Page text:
A Physical Inventory is the process where a business physically counts its entire inventory to maintain the integrity of this important business asset, determine accurate inventory valuation, and identify their inventory shrinkage.
Every store location and warehouse complete their own physical inventory for each unit individually. It is recommended that companies complete a physical inventory once a year, with regular Cycle Counting intermittently.
Cycle Counting is an inventory auditing procedure where a small subset of inventory in a specific location is counted on a specified day.
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Prepping for a Physical Inventory
While a Physical Inventory typically takes a full day to complete the count, there are some preparations that need to occur beforehand. Below we outline several prep items that have a positive impact.
Set A Date
The first thing you want to do as an organization is committed to a date. Most retailers complete their Physical Inventories at the end of their fiscal year so they can reconcile their end of year financials and start their new year with a clean slate. After the Physical Inventory, anticipate time for research and resolution of any issues you uncover.
It is important to run certain reports to use for the analysis of the Physical Inventory. You want to report on your inventory piece quantities to get a sense of how accurately it aligns with what your warehouse reports say is on hand. You will also want a report for your inventory valuation. This will be used to reconcile your actual counts later on.
Commit Outbound Inventory
Retailers need to make sure they understand exactly what needs to be accounted for. Some retailers use manifests to reserve inventory for outbound deliveries. If you do, you need to decide if you want to include the inventory that is on a manifest as part of the Physical Inventory or consider it already out of your ownership. If you decide not to count those pieces, you will need to complete those sales orders in your system so the inventory is adjusted accordingly.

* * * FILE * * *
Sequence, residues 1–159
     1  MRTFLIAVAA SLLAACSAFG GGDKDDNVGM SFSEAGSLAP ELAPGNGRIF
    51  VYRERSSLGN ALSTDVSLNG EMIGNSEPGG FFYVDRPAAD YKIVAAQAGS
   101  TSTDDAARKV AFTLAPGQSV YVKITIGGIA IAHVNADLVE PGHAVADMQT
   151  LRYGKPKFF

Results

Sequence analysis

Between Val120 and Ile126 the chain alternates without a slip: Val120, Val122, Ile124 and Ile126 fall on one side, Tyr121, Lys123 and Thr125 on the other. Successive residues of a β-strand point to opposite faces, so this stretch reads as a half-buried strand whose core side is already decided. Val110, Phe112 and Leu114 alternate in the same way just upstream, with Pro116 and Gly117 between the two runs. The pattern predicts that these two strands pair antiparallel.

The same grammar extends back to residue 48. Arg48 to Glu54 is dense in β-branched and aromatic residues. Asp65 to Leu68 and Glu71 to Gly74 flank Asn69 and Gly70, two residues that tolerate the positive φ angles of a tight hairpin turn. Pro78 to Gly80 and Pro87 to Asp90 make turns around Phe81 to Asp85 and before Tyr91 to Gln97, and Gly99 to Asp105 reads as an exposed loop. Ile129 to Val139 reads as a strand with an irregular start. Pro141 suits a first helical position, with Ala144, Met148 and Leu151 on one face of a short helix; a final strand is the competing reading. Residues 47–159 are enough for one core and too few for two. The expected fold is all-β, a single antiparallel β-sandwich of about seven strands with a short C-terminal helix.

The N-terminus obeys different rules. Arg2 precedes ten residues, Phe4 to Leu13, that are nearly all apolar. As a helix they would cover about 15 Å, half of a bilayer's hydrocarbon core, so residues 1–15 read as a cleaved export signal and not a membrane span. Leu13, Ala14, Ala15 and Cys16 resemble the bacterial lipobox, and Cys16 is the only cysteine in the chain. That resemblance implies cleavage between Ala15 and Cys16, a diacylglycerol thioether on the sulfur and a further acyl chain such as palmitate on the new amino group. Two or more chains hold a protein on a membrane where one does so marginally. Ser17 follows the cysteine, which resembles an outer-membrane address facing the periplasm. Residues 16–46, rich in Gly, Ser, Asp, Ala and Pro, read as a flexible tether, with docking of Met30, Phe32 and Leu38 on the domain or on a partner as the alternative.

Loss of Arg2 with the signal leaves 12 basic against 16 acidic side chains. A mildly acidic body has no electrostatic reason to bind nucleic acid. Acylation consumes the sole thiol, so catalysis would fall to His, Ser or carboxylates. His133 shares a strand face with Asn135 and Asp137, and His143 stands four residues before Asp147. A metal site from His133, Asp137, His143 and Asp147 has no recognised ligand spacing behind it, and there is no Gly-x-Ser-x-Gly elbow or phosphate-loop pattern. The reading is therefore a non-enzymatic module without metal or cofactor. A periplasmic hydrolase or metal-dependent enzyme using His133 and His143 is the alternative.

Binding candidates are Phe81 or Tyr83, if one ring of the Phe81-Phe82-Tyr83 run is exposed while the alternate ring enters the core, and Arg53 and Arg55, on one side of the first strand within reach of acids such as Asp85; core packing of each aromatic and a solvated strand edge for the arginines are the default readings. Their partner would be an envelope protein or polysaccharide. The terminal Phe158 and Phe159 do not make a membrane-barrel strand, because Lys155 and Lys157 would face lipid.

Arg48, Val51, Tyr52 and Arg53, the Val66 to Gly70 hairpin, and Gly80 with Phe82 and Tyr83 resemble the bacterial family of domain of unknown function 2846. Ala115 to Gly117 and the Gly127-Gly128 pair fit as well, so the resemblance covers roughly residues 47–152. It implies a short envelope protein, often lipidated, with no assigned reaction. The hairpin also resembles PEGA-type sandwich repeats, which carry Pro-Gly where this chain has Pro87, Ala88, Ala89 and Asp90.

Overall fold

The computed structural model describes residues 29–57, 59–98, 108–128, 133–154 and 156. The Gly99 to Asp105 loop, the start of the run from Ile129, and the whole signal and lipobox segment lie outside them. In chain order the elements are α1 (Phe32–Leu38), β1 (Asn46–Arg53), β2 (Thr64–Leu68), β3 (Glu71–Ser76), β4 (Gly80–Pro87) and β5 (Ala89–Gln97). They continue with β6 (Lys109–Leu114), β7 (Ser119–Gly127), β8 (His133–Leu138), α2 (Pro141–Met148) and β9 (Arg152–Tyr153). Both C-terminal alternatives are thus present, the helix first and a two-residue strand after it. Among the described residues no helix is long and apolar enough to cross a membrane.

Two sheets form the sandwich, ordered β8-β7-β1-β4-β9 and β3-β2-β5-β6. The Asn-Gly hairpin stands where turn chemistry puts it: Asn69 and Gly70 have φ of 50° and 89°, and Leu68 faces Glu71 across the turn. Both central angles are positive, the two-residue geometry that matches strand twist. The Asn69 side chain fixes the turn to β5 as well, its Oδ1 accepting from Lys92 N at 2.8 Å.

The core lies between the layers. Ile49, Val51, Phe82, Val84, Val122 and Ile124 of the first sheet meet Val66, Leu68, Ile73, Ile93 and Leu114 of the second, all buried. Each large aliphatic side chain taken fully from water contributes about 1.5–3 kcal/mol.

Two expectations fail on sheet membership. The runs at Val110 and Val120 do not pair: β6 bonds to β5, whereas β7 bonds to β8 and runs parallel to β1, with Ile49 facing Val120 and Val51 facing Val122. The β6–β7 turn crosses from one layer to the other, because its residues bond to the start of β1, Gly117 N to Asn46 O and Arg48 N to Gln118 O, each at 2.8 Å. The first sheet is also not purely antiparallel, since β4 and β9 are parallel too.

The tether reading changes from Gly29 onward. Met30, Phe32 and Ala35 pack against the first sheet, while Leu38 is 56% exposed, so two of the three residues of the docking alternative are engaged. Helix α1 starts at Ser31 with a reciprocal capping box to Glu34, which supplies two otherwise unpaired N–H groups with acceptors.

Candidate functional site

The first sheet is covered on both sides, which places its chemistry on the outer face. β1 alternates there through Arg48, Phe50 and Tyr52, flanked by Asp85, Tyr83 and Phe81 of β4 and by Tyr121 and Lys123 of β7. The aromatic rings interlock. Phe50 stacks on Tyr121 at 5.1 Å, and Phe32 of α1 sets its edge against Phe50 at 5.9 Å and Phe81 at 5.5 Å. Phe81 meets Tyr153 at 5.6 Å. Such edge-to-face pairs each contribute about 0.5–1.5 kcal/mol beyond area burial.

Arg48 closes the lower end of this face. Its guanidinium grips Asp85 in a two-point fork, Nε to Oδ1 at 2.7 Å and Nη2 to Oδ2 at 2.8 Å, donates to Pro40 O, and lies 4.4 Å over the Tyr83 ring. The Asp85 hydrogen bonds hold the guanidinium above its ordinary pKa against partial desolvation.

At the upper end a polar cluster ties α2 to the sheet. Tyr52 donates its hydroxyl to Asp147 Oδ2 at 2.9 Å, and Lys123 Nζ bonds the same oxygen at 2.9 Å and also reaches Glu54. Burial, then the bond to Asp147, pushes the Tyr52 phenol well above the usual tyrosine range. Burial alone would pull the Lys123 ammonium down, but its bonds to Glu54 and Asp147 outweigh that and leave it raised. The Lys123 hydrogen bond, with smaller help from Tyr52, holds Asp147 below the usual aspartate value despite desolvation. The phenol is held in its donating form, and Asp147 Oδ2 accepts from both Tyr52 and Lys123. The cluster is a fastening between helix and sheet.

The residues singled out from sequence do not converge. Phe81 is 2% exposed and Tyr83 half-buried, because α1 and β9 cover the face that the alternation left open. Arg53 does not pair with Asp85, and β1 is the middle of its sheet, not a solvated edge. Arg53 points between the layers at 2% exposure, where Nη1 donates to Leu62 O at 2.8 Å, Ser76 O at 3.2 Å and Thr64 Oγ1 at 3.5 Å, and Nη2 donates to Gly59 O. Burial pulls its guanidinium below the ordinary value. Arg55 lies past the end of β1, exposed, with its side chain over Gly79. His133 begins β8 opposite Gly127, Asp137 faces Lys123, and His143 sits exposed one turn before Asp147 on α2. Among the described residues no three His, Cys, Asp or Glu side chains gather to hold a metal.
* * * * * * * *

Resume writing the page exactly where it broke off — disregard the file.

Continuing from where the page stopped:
It is important to set cut-off dates for activity related to the warehouse you are going to be inventorying. This includes making deliveries, receiving merchandise from vendors, and transferring items in and out of the location. In addition, you will want to complete any Returns to Vendors that are in progress in your software system.
Reconcile Cost Exceptions
In order to complete a Physical Inventory, you need to reconcile any cost exceptions in your system. If a purchase order contained merchandise that was received without a cost or the value changed, this creates an exception. All errors need to be resolved beforehand for the Physical Inventory to accurately calculate your inventory valuation.
THE DAY OF…
With the prep work in-place, your team is all set for the big day. Now, what should you expect? Below we highlight what actually happens and some tips to optimize the Physical Inventory process.
Freeze Your Inventory
To begin the process of a Physical Inventory from a software standpoint, all inventory in the associated warehouse must be frozen. You can then run a report on the frozen inventory, which provides the data you will use to compare your inventory count to that day.
Enter with Barcodes or Count Sheets
Large organizations that use barcoding in their warehouses will do so for the actual count. This saves a lot of time and reduces errors. Barcodes will capture the Storage Location, Product Number, Serial Number, Description, and Stock Quantity. For smaller businesses not utilizing barcode technology, create an organizational document to record the information mentioned above. It is recommended that you count and record information on the individual items in a location. Then follow up with a bulk count of pieces in that area to confirm the quantities. Retailers using barcode scanners often have someone spot-checking areas throughout the day using the count sheets.